Occupy: Sachar Street

Asaph had a problem.

In Psalm 73, the famous worship leader and songwriter was on the emotional edge, one tiny step from falling off into a sea of apathy and despair. His problem? The wickedly wealthy were profiting off the poor and God was letting it happen. “Whatever happened to the promise that the pure in heart would be blessed?” he asked. His whole mindset started changing. He went from following the Lord and His ways to being envious of the wealthy and their prosperity.

As he rode his bicycle through their neighborhoods on his way to work he would look at their big houses with wrought iron fences and call boxes, marble driveways and vibrant flowerbeds. He would look up to heaven and despair. “These people make a thousand dollars a day while I make a thousand a year!” He thought,  surely they are doing more than well — they have no problems at all! Their kids go to private schools and make all-star teams. The wives buy Rodeo Drive. The guys have a boat, a weekend sports car, and probably one heck of an awesome man cave. But poor little Asaph? What does he have?

Occupy Sachar Street! (sachar means “marketplace” in Hebrew) His sentiment probably reflects this bit of poetry:

I’ve seen the orphans afflicted
And the widows evicted
And the wicked applauded with glee
O Lord, where is Your justice
In defending Your righteous?
Why her, why him, why me?

As he ponders these seemingly unrighteous allowances of the Lord, he looks upon his own life and conduct. In Psalm 73:13 the musician reaches his lowest point. He basically says, “What good is it to follow the Lord when these people don’t and still get blessed? I’ve been faithful and all I have is a bike and minimum wage!” If the Lord is good to those who follow Him — nay, if the Lord is good at ALL — why do the wicked eat rib eye and the pure in heart porridge? Maybe all this effort was worthless.

Asaph reaches his workplace. Being a worship leader, the troubled soul comes to the tabernacle. He probably ties up his bike to an acacia tree or something. Don’t want his only transportation getting away! One of his first steps is to wash his hands and wash the dirt off his feet. Shoot, he probably needs a bath at this point. A fancy car nearly sideswiped him a few blocks back. The gold-plated chariot forced him onto the muddy side and now he looked and smelled like he felt. “Curse the wealthy! Why can’t I be like them? Why?” He wonders. His heart walked ten steps behind him as he moped into the outer court. He bowed his head in prayer like he had a thousand times before and… and… AND…… he finally got it. He finally understood. He finally had his answer. It didn’t come from a mighty thunder. No, that would have been too much for the poor lad. Instead, it came in the form of a gentle whisper. Or so I imagine.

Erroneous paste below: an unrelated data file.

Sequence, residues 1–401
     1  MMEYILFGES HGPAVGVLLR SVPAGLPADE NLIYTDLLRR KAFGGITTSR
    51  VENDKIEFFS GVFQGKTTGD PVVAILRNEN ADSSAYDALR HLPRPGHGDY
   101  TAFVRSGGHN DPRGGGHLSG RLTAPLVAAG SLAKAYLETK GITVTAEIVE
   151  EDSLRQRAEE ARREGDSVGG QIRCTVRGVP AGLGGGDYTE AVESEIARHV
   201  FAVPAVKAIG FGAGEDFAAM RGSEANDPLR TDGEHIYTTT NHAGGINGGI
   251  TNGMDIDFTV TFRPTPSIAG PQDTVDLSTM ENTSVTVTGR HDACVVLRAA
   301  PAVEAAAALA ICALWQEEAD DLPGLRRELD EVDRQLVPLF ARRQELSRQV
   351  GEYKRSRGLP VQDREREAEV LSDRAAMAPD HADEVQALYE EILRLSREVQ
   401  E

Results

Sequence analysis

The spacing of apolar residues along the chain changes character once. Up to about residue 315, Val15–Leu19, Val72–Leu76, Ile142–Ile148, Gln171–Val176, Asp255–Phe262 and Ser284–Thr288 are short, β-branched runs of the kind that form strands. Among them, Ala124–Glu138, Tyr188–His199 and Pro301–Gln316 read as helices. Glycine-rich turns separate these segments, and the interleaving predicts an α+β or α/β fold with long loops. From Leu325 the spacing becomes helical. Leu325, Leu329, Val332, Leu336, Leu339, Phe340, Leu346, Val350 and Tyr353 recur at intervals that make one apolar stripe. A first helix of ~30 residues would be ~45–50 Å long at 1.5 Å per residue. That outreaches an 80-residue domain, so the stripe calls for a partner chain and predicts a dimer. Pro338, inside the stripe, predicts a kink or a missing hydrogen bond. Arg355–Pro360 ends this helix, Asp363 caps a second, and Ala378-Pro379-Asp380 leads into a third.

“Why don’t I want to be like the wickedly wealthy?” he asks himself. Because they are standing on a slippery slope — subject to sudden ruin and plagued by worry and fear. One fire destroys their possessions. One bad bite of steak and they choke. One foul word and their wife walks away with half their stuff. After all, dear soul, the bigger they come, the harder they fall. Do you want to be like them, Asaph? Their wealth is fleeting. Soon their house may be up for sale — a short sale — and their sports car taken by two men in a tow truck. Do you want to worry about that, Asaph?

“I’ve been looking at this all wrong,” the stunned minstrel says. “The external stuff will fade away. But what’s inside will determine whether one is truly happy.” Asaph was looking at the external measure of every wickedly wealthy person. He saw the stuff but missed the spirit. How senseless was his gripe! What he had in God was worth more than a big house and sports car and tricked out man cave. What did he have? A relationship. “I am always with you,” he says to the Lord; “you hold me by my right hand. You guide me with your counsel and afterward you will take me into glory.

“Whom have I but you? My flesh and heart may fail, but God is the strength of my heart and my portion forever.”

Relationships — they will last. The one with God paramount above all. He keeps a heart happy. He satisfies a soul. When we look only at the external, we become selfish and lose our proper orientation. We get mad and protest and cry foul. We hold God responsible for this outrage and, gulp, may even decide to give up on doing good. After all, what good does doing good really do? But when we focus on the heart — and hear God speaking on the heart level — we find happiness. Will the bank still keep calling? Probably. They may even call a tow truck to take your bike. But even if so, listen to Asaph when he speaks. Learn from his mistake. And make the Sovereign LORD your refuge.

Be God’s.

— John